Foreign Affairs Committee: UK must prevent US use of Diego Garcia for renditions

June 19, 2014

The UK Foreign Affairs Committee has today called on the Government to restrict the use by the US of Diego Garcia, a British overseas territory, for renditions.

In a new report, the Committee said revelations that the US had used the Indian Ocean territory for renditions since 2001 – contradicting previous Foreign Office statements – had “severely damaged” the credibility of US assurances to the UK on its activity there.

The recommendation comes ahead of discussions on the 2016 renewal of a joint agreement giving the US the automatic right to use the territory for defence purposes. The report says the Committee “believe[s] that the two-year window for discussing the rollover of the 1966 Agreement on the use of Diego Garcia offers an opportunity for the UK to assert more strongly its position that the Territory should not be used for rendition […]”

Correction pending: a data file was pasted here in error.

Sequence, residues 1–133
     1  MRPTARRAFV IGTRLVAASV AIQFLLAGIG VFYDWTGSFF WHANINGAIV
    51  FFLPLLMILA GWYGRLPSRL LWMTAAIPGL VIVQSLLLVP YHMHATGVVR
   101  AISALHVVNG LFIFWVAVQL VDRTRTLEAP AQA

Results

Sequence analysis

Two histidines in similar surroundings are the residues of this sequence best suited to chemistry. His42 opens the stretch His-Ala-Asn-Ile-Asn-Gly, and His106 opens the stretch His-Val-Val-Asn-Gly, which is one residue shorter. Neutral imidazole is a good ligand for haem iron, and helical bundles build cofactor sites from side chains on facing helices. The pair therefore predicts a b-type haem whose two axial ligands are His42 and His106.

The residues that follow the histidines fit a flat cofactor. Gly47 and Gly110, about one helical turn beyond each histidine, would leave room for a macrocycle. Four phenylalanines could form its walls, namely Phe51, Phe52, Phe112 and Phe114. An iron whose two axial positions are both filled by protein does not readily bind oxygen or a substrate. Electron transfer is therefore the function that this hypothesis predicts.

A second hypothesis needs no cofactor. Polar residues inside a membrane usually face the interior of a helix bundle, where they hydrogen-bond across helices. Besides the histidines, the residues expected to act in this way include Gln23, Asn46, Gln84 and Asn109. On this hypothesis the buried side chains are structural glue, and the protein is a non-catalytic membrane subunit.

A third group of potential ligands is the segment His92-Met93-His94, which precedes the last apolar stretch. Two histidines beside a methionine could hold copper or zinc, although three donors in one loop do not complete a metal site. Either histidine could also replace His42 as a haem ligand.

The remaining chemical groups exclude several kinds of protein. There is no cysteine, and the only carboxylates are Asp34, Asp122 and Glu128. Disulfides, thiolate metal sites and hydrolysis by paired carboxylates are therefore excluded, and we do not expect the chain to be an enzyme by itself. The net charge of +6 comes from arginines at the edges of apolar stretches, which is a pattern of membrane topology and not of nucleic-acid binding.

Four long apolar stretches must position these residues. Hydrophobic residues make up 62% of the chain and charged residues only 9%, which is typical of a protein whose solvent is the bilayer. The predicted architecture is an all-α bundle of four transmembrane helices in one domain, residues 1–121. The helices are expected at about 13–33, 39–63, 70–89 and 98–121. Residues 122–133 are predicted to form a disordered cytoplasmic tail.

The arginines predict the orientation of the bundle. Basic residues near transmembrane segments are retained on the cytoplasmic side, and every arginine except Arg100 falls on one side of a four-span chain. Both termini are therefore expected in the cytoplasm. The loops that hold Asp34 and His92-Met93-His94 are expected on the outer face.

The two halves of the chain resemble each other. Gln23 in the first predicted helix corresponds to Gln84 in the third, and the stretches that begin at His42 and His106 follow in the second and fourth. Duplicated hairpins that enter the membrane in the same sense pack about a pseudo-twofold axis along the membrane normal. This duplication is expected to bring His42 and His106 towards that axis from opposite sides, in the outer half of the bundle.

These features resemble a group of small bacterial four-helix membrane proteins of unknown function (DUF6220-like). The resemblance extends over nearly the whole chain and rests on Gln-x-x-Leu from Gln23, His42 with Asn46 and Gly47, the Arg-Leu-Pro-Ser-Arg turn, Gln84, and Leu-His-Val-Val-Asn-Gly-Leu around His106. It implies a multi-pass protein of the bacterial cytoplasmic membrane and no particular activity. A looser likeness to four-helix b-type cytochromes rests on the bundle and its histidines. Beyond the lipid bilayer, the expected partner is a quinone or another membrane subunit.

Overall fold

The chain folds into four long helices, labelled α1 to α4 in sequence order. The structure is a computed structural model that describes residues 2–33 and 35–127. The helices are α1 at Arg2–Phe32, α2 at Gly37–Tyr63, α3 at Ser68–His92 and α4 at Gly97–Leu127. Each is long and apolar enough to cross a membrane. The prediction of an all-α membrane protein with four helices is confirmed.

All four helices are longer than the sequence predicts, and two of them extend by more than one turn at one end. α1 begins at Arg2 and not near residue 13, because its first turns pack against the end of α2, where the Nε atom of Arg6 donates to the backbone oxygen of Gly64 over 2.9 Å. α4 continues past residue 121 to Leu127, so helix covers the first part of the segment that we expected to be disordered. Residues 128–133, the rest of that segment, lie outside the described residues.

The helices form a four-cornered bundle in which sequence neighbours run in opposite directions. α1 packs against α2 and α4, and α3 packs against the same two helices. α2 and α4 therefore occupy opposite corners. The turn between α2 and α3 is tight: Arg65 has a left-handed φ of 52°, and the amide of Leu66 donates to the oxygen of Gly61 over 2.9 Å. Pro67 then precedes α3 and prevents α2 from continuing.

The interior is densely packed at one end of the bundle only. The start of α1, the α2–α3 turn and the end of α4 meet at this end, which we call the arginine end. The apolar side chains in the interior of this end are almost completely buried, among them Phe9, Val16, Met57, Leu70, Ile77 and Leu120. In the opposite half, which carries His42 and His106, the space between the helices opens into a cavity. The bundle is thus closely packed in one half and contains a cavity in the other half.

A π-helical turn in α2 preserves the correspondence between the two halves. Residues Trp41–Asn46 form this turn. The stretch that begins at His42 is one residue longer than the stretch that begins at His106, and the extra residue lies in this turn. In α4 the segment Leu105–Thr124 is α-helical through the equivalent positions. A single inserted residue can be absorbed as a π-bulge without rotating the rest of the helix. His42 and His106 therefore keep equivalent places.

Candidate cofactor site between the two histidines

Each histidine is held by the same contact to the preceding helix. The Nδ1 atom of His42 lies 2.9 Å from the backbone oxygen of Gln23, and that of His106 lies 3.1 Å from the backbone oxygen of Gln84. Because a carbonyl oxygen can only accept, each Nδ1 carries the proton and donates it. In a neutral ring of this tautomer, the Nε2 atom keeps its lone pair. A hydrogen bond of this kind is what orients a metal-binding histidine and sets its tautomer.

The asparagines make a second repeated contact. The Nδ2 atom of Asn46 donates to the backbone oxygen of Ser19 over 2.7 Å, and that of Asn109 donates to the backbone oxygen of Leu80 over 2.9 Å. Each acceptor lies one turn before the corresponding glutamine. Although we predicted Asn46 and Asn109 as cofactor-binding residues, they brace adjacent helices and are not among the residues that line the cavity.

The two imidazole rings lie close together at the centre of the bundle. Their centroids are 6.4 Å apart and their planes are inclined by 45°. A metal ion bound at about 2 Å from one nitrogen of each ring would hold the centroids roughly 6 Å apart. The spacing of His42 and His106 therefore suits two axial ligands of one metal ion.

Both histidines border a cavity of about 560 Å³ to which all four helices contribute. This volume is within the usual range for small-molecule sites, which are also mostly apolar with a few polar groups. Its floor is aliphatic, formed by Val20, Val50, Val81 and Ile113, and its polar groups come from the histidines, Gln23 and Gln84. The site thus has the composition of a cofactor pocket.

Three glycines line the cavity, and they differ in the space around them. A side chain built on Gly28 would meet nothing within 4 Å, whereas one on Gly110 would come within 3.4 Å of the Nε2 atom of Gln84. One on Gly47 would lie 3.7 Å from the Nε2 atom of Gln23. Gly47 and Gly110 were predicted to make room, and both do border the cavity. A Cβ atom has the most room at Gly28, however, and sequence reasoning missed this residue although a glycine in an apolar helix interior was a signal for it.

The Committee also notes reports of discoveries by the US Senate Select Committee on Intelligence that the CIA detained suspects on Diego Garcia as part of a ‘black site’ arrangement made with the “full cooperation” of the British Government, saying: “If these reports are substantiated, we would expect to revisit this issue, to assess the implications for the UK and for public confidence in its statements on US use of Diego Garcia.”

Commenting, Reprieve Strategic Director Cori Crider said: “The Committee is absolutely right to focus on the lack of oversight on Diego Garcia. Years on, serious questions remain for the UK Government regarding the use of the island by the CIA’s torture flights. For example, we have never had a satisfactory answer on whether the US sought to use this British territory to ‘render’ a Gaddafi opponent – along with his pregnant wife – to the dictator’s Libyan torture chambers in 2004.  Ministers need to stop ducking the question and come clean – then take steps to ensure such abuses can never happen again.”


Notes to editors

1. The report can be read in full here:

2. For further information, please contact Reprieve’s press office: +44 207 553 8160